This change has already begun impacting office workers’ professional, as well as personal lives. “We are in this interesting situation where a lifestyle is being imposed upon us by circumstances beyond our control,” says Mcleod. “The pandemic is now forcing us to be at home in certain roles that many people never brought home necessarily before.” To varying degrees, we all assume different identities for different settings. Now that the various aspects of our lives are colliding, it is not so easy to compartmentalize them, and so we need to find new ways of achieving balance. “It’s not about work-life balance right now, it’s about work-life integration,” tells the author. “There’s one place where everything is happening, it’s at home.”
Developing keen communication skills over digital platforms has become absolutely vital for those who transitioned from offices to working from home. This can be especially hard for those who lack technical skills to even set up or use the necessary equipment. “For people now in their workplace there’s all kinds of pressure to both learn the tools of technology and then use them well and then to even feel comfortable with using them,” explains the writer. “You may now be forced to use tools at home or even to put tools onto your equipment at home, but you're going to have people with different levels of comfort.” Each of the stages described by Mcleod represent a potential barrier in our virtual interactions.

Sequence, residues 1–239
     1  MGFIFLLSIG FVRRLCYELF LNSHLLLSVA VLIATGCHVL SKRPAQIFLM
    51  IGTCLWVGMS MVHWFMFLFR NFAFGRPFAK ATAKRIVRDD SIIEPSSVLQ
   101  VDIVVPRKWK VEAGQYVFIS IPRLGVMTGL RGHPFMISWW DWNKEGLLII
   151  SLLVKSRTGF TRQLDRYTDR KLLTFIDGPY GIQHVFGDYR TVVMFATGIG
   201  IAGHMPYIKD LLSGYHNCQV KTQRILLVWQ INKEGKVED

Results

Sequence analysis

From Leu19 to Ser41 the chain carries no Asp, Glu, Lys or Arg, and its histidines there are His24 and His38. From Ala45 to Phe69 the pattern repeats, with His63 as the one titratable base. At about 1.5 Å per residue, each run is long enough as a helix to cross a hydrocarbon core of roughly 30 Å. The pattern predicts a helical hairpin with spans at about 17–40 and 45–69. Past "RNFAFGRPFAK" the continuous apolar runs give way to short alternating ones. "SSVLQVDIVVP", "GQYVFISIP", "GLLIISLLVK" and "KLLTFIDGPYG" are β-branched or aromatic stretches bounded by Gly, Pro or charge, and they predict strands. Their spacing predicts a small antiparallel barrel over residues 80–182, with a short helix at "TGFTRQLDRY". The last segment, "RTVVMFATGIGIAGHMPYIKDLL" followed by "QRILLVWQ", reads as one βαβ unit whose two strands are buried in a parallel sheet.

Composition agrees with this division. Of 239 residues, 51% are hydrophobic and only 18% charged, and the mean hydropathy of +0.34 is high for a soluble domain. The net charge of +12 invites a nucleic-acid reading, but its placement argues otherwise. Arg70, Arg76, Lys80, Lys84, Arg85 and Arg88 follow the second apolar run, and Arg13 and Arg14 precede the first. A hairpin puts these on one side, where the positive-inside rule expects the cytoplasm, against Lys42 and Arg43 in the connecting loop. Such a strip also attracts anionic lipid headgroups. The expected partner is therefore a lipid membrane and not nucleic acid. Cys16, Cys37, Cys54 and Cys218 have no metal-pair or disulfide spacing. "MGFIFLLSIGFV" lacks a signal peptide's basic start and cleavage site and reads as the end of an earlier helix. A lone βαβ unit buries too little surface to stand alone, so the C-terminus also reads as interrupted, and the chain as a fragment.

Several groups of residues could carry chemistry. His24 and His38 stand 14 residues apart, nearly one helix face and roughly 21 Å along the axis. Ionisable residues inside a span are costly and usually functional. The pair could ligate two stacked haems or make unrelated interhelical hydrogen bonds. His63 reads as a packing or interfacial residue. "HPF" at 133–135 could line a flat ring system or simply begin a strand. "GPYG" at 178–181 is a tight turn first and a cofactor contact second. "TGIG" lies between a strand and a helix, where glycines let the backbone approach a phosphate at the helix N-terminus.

Even if she’s just as shaken as everyone else by the impact of the global crisis, Mcleod also admits her eagerness to see society fully benefit from the network of digital tools we’ve developed in the past few decades. As someone who lived half of her life in the analog world, she saw early on the possibilities made accessible by our advances in information technology. Her personal journey to help others incorporating these devices into their lives started when she worked as a communications consultant in the nineties, during the rise of the internet. “It really was, for me, based on the notion that this was a great tool, and that it needed to be adopted,” the writer explains the reasons she became an early voice for adopting digital tools.